Abel weaving is a centuries old craft that produces abel- iloco or inabel, using wooden loom equipment. The cotton threads, used in abel weaving, during the old times were usually dyed before the weaving which should produce interesting folkloric color combinations that only the Ilocanos could produce.  It is said that abel weaving started out in Vigan, Ilocos Sur, but there has been production coming from parts of Ilocos Norte as well.  As the weaves are thick and coarse, the cloth is usually utilized as rags, blankets and other home products. However somehow today, designers have treated the same inabel material for high fashion.

Introduced by Chinesed merchants, burnay is an earthenware produced in different sections of Ilocos region, but is said to be popularly made in Ilocos Sur. Burnay has been used as a vessel to store grains and rice, and to ferment kitchen needs such as bagoong, wine or vinegar. Burnay-makers would use special clay such that water would not seep out from the jars, and maintain cool temperature. Such vats are sturdy enough because of the way they have been baked. Consequently, jars, done centuries back, are much sought after by antique collectors.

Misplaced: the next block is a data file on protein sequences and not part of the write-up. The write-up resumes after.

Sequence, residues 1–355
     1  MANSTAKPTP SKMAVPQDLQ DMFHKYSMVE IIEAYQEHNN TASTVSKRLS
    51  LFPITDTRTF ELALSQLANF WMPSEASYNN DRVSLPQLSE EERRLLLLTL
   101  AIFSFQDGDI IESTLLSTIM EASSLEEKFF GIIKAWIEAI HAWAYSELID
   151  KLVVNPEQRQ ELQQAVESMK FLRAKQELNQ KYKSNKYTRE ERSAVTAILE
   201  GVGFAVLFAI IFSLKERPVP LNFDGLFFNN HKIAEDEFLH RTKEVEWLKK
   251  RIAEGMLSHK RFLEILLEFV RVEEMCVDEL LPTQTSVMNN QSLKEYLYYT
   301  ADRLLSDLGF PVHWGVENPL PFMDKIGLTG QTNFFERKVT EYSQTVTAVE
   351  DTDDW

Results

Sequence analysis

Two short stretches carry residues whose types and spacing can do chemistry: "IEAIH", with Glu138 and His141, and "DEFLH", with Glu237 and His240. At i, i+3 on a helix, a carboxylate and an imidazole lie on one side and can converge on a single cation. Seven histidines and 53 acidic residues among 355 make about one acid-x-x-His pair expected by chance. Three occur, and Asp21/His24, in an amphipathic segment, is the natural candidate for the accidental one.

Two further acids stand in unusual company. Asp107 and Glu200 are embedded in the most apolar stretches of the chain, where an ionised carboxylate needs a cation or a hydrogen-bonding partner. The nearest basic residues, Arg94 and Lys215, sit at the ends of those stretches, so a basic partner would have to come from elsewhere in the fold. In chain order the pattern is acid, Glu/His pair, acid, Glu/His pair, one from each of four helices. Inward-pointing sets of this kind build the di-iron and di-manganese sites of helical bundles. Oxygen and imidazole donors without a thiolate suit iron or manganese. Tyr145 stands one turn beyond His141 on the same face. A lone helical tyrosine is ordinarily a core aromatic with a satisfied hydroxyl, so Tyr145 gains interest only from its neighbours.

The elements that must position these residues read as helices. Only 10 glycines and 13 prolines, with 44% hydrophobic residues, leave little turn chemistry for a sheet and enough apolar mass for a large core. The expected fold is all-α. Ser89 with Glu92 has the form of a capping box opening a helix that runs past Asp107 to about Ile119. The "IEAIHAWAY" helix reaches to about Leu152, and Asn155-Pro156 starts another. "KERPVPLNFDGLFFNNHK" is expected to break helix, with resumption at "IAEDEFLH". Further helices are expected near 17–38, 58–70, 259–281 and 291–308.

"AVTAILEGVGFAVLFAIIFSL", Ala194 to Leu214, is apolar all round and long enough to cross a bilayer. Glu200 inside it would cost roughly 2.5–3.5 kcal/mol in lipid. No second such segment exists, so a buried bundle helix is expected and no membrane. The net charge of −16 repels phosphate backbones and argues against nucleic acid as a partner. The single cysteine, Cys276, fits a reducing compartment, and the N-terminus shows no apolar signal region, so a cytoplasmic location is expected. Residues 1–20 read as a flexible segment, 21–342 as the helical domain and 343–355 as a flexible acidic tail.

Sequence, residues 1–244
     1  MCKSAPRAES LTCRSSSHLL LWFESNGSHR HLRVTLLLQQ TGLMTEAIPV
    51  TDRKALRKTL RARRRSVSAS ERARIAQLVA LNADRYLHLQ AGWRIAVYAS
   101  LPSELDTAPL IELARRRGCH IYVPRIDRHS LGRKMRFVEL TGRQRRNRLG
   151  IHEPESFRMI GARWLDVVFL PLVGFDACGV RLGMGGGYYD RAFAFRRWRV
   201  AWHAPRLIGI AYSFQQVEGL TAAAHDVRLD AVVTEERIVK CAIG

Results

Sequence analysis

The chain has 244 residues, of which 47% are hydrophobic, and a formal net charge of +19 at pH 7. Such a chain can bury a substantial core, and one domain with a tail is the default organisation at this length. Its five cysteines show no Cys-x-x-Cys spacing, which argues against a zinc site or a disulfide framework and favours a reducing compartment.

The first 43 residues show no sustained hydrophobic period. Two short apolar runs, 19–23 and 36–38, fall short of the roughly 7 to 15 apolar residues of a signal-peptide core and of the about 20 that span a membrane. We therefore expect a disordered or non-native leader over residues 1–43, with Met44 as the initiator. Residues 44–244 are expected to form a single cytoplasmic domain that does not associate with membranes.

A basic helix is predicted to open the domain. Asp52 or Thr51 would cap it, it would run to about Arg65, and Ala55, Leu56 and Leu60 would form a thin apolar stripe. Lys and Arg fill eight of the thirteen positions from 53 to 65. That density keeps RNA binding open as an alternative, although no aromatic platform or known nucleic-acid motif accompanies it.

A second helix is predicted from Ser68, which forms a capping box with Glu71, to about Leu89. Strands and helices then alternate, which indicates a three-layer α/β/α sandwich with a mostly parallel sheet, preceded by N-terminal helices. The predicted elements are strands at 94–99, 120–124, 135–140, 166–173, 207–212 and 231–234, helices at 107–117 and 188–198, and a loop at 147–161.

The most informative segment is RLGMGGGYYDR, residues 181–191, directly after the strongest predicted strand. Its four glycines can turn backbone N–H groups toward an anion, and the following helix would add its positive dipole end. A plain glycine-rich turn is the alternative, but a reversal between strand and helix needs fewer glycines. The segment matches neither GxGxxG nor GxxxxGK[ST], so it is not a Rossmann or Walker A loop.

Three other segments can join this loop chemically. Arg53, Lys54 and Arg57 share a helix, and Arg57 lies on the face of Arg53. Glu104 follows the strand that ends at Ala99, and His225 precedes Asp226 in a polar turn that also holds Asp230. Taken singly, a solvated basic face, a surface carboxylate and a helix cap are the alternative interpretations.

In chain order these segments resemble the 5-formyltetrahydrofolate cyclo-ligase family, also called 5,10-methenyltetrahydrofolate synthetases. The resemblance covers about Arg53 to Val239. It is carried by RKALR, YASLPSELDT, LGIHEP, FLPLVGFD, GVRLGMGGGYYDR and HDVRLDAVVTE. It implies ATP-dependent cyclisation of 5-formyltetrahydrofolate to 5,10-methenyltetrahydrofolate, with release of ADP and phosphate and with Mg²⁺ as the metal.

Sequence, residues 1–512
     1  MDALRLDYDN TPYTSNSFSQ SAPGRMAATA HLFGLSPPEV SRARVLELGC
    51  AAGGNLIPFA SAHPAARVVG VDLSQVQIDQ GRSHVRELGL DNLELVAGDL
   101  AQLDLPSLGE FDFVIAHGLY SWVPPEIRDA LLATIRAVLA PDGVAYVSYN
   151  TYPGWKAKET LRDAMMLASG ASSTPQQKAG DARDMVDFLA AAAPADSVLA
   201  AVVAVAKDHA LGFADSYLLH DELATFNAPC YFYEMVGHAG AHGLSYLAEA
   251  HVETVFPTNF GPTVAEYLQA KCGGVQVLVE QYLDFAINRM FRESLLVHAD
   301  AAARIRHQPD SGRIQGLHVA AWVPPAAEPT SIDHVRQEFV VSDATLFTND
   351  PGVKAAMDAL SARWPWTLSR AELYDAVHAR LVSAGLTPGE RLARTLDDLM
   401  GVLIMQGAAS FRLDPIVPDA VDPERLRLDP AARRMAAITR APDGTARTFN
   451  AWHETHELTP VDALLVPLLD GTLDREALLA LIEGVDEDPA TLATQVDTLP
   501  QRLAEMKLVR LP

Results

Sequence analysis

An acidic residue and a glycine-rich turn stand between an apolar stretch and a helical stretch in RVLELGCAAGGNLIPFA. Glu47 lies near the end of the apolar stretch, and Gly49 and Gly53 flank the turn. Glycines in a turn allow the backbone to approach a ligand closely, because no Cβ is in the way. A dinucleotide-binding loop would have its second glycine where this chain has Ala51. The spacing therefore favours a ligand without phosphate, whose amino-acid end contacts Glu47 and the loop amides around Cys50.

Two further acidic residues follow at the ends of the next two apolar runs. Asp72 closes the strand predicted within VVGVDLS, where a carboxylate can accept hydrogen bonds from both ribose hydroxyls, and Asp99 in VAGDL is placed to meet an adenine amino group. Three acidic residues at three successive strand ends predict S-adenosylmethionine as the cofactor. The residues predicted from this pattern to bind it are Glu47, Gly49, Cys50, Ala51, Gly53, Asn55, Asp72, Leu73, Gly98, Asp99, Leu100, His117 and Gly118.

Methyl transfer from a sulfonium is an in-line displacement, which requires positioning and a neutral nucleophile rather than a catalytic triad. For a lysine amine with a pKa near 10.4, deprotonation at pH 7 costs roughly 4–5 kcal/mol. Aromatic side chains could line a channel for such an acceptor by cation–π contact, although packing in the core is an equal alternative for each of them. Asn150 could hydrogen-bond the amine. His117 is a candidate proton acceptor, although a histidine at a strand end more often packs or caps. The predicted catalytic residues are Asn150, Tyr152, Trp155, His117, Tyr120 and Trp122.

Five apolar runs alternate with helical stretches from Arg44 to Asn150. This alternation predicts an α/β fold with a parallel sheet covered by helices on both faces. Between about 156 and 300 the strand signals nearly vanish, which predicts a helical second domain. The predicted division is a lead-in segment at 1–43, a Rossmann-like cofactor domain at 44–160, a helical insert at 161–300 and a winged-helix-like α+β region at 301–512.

It is a testament to the Ilocanos that such old traditional backyard activities have survived until now. They have honed these specific handskills through history, just like any other Ilocano way of life activities – with effort, adept, and passion.